The restaurant was buzzing with customers and conversation. Our family of six was tightly packed into a booth made for four and I was trying my best to keep Beau and Bitty happy by making tiny towers out of the jelly packs we had found on the table. One, two, three, four…crash. The jelly tower fell over and a roar of laughter erupted at our booth. “Do it again, mama” Beau insisted. How could I resist. 10 towers, 5 nursery rhymes and 30 rounds of peek-a-boo later, our waitress finally arrived to take our order.
“Cheese-ba-gurger”, smiley fries and ketchup, please” Beau confidently stated . . . more laughter and lots of high-fives. We all love the way Beau says “cheeseburger” and more importantly, we love watching him exercise his independence.
But we’re not the only ones that love watching him.
In this crowded, chaotic moment, I feel the stillness of stares and it makes me smile.
As parents, we’ve all experienced those moments in public when our children’s sub-par behavior becomes the focus of undesired attention. The moments that test us, try us and leave us feeling beyond embarrassed. And then there are the great moments. The moments when our children are at their very best and we wish that everyone would stop to notice.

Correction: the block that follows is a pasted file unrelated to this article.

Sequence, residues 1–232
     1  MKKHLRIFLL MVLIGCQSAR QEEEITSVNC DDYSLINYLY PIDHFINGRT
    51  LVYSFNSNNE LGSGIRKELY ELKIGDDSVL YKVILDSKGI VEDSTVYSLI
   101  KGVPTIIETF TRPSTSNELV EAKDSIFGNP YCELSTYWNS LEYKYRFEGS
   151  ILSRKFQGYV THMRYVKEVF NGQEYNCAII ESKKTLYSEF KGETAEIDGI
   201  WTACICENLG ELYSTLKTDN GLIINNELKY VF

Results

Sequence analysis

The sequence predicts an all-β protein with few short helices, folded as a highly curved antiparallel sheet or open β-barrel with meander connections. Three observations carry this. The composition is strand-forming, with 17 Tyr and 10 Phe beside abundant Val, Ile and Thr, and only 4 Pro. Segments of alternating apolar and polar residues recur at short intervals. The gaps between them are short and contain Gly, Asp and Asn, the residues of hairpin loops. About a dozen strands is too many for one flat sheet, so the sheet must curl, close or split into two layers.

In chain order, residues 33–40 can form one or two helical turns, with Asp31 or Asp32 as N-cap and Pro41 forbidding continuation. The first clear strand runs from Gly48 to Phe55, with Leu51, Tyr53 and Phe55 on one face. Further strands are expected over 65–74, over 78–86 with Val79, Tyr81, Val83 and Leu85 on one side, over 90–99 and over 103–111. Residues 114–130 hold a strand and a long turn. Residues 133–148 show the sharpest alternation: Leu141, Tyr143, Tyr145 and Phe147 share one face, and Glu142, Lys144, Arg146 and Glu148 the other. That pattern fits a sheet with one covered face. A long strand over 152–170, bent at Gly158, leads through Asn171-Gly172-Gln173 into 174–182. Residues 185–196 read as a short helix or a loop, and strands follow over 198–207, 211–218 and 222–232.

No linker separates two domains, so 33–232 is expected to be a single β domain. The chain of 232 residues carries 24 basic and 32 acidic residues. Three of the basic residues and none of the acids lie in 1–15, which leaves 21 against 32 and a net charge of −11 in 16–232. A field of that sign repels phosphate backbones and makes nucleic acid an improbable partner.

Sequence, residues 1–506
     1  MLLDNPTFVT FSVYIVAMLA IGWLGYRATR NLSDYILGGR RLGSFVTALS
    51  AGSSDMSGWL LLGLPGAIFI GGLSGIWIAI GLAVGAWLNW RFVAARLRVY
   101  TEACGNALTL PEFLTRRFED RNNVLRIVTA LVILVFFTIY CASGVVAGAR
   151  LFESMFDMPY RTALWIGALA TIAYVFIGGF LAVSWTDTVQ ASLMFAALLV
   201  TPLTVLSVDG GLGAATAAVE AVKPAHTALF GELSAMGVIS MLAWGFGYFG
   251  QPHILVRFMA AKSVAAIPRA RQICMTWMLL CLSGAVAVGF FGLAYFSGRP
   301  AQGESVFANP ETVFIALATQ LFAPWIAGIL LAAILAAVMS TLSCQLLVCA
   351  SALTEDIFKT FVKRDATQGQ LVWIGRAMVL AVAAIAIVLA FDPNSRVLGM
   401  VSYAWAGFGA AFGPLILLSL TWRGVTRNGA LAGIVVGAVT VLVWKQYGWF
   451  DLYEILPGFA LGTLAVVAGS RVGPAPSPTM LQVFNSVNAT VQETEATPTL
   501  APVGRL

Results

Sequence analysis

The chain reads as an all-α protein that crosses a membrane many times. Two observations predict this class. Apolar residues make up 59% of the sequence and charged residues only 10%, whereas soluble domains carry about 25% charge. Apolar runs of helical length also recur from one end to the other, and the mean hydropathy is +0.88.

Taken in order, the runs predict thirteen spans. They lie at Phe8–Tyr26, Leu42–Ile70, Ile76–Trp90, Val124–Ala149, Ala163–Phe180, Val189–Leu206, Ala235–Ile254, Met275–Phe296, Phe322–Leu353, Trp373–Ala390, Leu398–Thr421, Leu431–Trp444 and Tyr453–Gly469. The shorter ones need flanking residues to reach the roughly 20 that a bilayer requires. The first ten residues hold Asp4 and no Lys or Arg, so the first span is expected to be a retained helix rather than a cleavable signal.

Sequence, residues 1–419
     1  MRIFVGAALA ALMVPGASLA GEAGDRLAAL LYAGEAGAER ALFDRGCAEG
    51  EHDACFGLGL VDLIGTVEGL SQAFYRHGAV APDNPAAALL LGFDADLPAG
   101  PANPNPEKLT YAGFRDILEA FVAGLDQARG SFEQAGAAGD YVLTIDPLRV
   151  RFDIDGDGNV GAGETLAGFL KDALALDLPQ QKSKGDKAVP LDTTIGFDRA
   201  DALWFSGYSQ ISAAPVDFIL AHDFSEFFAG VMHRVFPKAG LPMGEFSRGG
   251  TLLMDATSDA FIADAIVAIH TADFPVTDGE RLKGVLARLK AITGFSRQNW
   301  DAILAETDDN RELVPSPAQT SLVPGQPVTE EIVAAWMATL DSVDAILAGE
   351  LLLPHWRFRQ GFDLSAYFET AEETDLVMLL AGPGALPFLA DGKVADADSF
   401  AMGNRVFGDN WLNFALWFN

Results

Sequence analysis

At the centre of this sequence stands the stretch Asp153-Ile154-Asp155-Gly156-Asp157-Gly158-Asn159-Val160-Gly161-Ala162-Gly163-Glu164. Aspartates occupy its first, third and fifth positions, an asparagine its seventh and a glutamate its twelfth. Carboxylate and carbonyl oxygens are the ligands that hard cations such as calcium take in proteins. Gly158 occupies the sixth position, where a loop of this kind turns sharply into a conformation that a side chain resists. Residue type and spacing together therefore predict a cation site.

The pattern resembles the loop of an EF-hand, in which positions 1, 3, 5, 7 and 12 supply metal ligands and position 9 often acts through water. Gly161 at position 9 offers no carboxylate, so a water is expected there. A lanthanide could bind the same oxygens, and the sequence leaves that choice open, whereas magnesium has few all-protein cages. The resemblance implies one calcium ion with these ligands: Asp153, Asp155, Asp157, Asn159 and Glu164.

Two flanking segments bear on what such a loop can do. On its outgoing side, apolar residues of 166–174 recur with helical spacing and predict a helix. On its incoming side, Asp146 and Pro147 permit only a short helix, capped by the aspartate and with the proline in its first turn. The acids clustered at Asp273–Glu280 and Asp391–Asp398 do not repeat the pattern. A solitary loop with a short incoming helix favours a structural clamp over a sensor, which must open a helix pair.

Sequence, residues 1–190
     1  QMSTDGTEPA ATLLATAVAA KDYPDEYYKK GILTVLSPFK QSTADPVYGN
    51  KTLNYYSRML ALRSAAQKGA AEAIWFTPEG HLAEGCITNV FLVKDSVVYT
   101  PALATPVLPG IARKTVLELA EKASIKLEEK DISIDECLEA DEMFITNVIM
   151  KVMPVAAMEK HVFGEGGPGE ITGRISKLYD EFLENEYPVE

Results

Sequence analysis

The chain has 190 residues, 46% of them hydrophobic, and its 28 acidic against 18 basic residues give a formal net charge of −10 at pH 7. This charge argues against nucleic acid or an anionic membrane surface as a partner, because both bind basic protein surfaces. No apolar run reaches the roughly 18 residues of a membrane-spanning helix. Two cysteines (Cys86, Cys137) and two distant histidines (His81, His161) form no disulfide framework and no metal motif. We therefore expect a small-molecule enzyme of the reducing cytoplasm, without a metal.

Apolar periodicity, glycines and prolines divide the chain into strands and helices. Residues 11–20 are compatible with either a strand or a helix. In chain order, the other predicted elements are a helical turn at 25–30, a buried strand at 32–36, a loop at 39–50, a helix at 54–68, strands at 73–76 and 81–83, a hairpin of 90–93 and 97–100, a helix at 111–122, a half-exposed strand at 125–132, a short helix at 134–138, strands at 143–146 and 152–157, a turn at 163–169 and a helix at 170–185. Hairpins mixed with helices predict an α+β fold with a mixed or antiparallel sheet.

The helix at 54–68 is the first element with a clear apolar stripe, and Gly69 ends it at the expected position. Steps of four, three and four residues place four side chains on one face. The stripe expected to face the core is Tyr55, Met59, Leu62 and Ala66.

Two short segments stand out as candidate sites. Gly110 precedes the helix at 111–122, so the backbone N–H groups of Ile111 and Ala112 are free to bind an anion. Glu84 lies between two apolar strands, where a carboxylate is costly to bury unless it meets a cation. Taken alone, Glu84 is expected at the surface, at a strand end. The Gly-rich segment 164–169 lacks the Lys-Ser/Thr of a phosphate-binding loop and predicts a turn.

As the parents of children with special needs, we have discovered that these moments – the moments when people can’t help but stop and stare – are always happening.
The grocery store, park, mall, beach . . . we feel the stares and we have learned to embrace them. With each stare, we feel more hopeful that a sense of acceptance is growing in our world. For us, the stares are an opportunity to educate others by showing them the great potential people living with intellectual disabilities have. And perhaps more importantly, giving others a glimpse at the wonderful blessings we call our children.
The waitress delivers Beau’s “cheese-ba-gurger” and he gives her an enthusiastic “thank you”. Bitty swipes a fry and reminds us all to bow our heads before she takes a bite. I look up and find the couple sitting at the table next to us has ceased their conversation and has become fixated on the action happening at our table. We exchange smiles. Please keep staring at my child.